Today, Armenia and the EU have defined a very broad circle of cooperation, and the Comprehensive and Enhanced Partnership Agreement (CEPA) signed in 2017 provides the opportunity to cooperate in all fields.
On the occasion of the 30th anniversary of establishment of diplomatic relations between the Republic of Armenia and the European Union, ARMENPRESS State News Agency conducted an interview with the Head of the Delegation of the European Union to Armenia, H.E. Ambassador Andrea Wiktorin.
In the interview, Ambassador Wiktorin spoke about the relationship between Armenia and the EU and also presented her views on the prospects of the Nagorno Karabakh conflict settlement, the negotiations between Armenia and Azerbaijan and the normalization process between Armenia and Turkey.
The interview was conducted on 18 July 2022.
ARMENPRESS: Ms. Wiktorin, thank you for this great chance to have an interview with you for the first time. We have many interesting questions to discuss about the Armenia-European Union agenda. Let me start by asking how do you feel in Armenia and how have you spent these 3 years of your diplomatic mission in Armenia compared to your work elsewhere?
Ambassador Wiktorin: As you might know, I had a diplomatic mission in Armenia before. I was the German Ambassador here between 2007 and 2009. When I came back in 2019, I think there was quite a big change in the atmosphere in the country and the mood of the people. There are also many positive steps we have been taking together in cooperation with Armenia. Therefore, this was overall very positive and I had an excellent start, visiting many regions, seeing a lot of projects. Afterwards we all ended up in the same challenging situation. First of all, the COVID-19 pandemic started and we had the lockdown with all the consequences it had for direct contact, but also on how to improve the cooperation. Then the war on 27 September 2020, its aftermath, the elections in 2021… So, it was always a very busy period. Naturally, I was also touched by the feelings of the Armenians in this difficult period. However, overall, I am still optimistic. I like Armenia, the countryside. I am happy that we can go on mission again after this long period of break due to COVID. I have been several times in Syunik only in the last months, not to mention the other regions of Armenia. This is always a very good possibility to meet people, to hear their direct assessment and to learn about their direct needs. This is a very important element of my work here.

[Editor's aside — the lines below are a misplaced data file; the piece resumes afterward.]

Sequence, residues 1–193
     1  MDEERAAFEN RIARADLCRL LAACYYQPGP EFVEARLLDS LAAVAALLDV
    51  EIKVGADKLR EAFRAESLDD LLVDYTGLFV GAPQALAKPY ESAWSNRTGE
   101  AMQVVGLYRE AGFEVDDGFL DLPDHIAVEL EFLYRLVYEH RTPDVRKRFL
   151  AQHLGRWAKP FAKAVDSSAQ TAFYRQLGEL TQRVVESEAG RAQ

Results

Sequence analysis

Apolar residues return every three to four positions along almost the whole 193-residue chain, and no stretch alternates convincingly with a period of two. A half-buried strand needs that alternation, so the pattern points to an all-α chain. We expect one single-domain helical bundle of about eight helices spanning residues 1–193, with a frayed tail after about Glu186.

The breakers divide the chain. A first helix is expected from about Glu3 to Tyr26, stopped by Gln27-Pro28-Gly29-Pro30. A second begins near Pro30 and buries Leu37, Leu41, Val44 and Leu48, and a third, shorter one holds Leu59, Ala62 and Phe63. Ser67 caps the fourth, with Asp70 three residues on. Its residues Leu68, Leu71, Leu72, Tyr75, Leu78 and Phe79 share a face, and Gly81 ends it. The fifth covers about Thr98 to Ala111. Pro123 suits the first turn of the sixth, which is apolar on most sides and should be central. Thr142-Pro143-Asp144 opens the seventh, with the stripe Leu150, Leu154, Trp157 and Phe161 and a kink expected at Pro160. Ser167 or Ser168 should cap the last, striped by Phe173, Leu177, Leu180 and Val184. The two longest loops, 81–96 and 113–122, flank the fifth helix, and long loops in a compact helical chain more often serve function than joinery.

ARMENPRESS: What do you like most about Armenia and what do you think Armenia is most about?
Andrea Wiktorin: Armenia has ancient traditions and culture. It is a Christian country with many impressive cultural monuments. For me the most impressive are the people, the variety of characters, and the vibrant cultural scene, which I appreciate very much. Yesterday I was at the closing ceremony of Golden Apricot Film Festival. There are so many things ongoing here, and I love to discover new sites, new cultural events. This is something that creates the positive image of Armenia, and I appreciate it very much.
ARMENPRESS: As you know, 2022 is a very remarkable year for Armenian diplomacy as the Republic of Armenia marks diplomatic anniversaries with many international partners. Armenia and the European Union mark the 30th anniversary of establishing diplomatic relations as international partners in 1992 after Armenia emerged as a newly independent state in the region. How would you assess the current level of Armenia-EU partnership, where are we now in terms of development of cooperation between Armenia and the European Union?
Ambassador Wiktorin: It was August 10, 1992 when the diplomatic relations between the Republic of Armenia and the European Union were formally established. Naturally, we went through different phases. In the beginning, we had a lot of cooperation via Tacis (European Commission’s technical assistance programme to the Commonwealth of Independent States). I was here when we opened this EU Delegation. It was in February 2008, and the EU Commissioner for External Relations and European Neighborhood Policy Benita Ferrero-Waldner came to Armenia. I was invited as a guest, because I was the German Ambassador at that time. The opening of a full-fledged Delegation was an important step forward, as we cover all the areas of relations. With the Lisbon Treaty, which entered into force in 2009, the establishment of the European External Action Service, which is now responsible for the external relations, was an important milestone.
In 2017, we signed the Comprehensive and Enhanced Partnership Agreement (CEPA). It opened a new path in our relationship. Why? We had worked on an Association Agreement, which could not be realized in 2013, and now we really have a framework for our bilateral relations in all areas. With the entry into force in March 2021, Armenia and the European Union have the possibility to cooperate in all areas. This is very important, because this is not only the legal basis for our cooperation, but it is also, as the Armenian government put it, the “blueprint for the Armenian reforms process”.
ARMENPRESS: Regarding for example trade and economics. If I am not mistaken EU’s GSP+ regime for Armenia ended last year. Did this change have significant impact on trade relations and what do we have now?
Ambassador Wiktorin: Armenia’s economic development over the last years has been such that the country progressed from lower to upper middle-income level, as classified by the World Bank. This, in itself, is very good news as it shows that Armenia’s economy is growing.
In the period before, having GSP+ was meant to support the country’s sustainable development. According to the regulations and provisions of the EU GSP regulation, the moment you are an upper middle income country for three years plus a transition period of one year, you lose the status the GSP+ beneficiary, which is unilateral trade concessions by the EU, and this means that since January of this year Armenia can no longer benefit from this preferential import tariffs.